Enjoying the pleasures of pipes past
Alexander and David Glen
David Glen was one of the great pipe music compilers and one of the most prolific pipe-makers ever. He inherited the Glen pipemaking firm from his father Alexander, who began making instruments in 1834. The two worked together beginning in 1868, and David took the firm over when his father died in 1873.
Alexander Glen pipes are not easily identified unless they sport a stamp. Both “A GLEN” and “ALEXr. GLEN/EDINh” have been seen. His earlier pipes don’t conform to the later Glen/Edinburgh tradition, though it appears he evolved the look his son adopted and carried forward for nearly 30 years, so it’s possible that many suspected David Glen pipes were made by his father. David Glen pipes were often made in a lovely reddish-brown cocuswood with button mounts and are characterized most frequently as “mellow,” which means, in fact, “quiet.” They can be rich, buzzy and remarkably steady, but do not find favour among top soloists, who prefer the fuller Henderson/Lawrie sound. The firm of David Glen & Sons carried on long after David’s death in 1916, finally closing up shop in 1949. They made a huge number of sets over nearly a century and a half. The craftsmanship of Glen pipes during the era of David and his father Alexander was almost without parallel.
The firm of David Glen should not be confused with the firm of J & R Glen, which ran from the 1830s until around 1980, also in Edinburgh, and was another branch of the same family. This Glen firm was also prolific. The early sets made by Thomas MacBean Glen are considerable rarer than his brother Alexander’s and highly prized, but difficult to identify. His sons John and Robert (J & R) carried the business into the 1900s. The firm bought the remains of the David Glen stock when David Glen Jr. retired in 1949.
John and James Center
John Center was an Edinburgh contemporary of David Glen. Examples of John Center pipes are fewer in number, but the quality of their tone and craftsmanship equals or even exceeds the greatest Glen or MacDougall pipes. Center favoured cocuswood as his prime material, though he worked in ebony as well. The tone of his pipes is similar to MacDougall – remarkably rich and steady, and fuller than Glen’s. The family moved to Melbourne, Australia in 1908 and continued to make pipes there. John died shortly thereafter, and his pipemaking son James – a leading player and the subject of the great Willie Ross jig “Center’s Bonnet” – died young of the Spanish flu in 1917 during the worldwide outbreak. A great set of Center pipes is a real find, but uncommon.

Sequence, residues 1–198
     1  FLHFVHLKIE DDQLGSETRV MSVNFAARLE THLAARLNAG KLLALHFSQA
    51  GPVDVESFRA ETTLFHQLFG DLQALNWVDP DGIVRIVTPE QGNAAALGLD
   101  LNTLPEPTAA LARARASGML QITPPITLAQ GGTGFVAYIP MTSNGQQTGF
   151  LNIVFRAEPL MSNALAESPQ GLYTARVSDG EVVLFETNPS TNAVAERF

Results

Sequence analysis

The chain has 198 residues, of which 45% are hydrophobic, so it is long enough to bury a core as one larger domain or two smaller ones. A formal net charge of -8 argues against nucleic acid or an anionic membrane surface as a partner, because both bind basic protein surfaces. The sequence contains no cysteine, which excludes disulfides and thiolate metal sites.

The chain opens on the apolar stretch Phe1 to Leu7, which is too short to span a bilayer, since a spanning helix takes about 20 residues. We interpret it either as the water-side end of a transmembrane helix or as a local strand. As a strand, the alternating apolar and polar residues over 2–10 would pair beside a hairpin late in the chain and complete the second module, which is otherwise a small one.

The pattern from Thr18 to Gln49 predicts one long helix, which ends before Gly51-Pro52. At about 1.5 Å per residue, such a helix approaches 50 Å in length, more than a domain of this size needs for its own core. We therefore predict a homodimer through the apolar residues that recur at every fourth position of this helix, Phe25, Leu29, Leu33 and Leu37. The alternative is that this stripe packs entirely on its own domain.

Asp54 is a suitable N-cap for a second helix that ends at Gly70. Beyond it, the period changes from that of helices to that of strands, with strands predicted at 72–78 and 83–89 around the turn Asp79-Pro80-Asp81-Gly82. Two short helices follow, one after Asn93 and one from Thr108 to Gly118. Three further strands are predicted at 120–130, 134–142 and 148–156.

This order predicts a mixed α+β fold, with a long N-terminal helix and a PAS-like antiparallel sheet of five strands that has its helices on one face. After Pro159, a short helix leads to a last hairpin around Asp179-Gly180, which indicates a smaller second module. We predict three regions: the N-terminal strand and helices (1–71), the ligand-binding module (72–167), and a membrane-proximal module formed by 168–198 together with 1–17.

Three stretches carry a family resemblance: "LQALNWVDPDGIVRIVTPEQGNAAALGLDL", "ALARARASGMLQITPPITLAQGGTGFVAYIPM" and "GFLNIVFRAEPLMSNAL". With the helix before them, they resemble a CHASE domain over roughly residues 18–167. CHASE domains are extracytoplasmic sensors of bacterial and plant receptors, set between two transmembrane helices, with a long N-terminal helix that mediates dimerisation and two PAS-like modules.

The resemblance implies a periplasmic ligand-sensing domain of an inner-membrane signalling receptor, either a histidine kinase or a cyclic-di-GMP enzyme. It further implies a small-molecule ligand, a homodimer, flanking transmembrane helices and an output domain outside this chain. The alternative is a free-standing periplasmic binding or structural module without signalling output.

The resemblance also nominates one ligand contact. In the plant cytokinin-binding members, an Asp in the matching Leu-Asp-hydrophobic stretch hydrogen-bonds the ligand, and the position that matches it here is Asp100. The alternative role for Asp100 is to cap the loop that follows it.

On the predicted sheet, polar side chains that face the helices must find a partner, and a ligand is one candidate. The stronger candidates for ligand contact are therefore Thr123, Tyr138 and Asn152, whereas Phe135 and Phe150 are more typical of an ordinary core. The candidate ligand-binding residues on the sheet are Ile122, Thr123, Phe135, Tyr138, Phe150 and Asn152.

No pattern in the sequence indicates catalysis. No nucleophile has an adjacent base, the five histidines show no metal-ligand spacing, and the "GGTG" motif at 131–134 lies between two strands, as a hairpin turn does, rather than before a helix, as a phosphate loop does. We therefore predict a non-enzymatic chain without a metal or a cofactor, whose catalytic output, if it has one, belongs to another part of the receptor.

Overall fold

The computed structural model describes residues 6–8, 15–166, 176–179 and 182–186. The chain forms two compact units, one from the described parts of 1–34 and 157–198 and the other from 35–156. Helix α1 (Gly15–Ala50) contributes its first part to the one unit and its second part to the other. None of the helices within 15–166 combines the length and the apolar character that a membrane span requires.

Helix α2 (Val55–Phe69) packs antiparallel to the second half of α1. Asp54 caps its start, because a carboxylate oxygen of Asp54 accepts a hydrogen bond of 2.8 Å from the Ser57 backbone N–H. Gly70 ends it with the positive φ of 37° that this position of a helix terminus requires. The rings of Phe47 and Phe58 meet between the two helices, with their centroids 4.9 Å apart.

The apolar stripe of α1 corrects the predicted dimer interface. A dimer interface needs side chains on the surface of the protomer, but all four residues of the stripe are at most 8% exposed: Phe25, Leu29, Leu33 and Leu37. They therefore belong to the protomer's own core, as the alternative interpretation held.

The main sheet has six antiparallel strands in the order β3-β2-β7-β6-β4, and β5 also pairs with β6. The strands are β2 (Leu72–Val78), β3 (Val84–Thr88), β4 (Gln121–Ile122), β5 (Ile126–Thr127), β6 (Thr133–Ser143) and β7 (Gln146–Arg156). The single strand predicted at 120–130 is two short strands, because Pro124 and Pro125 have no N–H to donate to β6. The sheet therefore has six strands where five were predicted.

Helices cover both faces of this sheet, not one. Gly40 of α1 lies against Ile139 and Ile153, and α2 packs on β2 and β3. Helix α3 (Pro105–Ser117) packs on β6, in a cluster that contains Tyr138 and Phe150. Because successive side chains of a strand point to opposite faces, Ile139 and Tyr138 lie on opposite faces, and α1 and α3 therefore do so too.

James Robertson was an Edinburgh resident whose pipes did not conform to the visual style of other Edinburgh makers. They are characterized more than anything else by massive ivory projecting mounts turned in a sort of mushroom stye, thicker sticks, and a big, steady drone sound. He was a remarkably consistent maker who was meticulous in his materials selection and turning. His pipes are superb: quite full, easy to reed and still widely available. Perhaps no other maker’s pipes are so visually distinctive and consistent. They can be very difficult to date as a result. He was a prolific user of casein imitation ivory and engraved Sterling silver.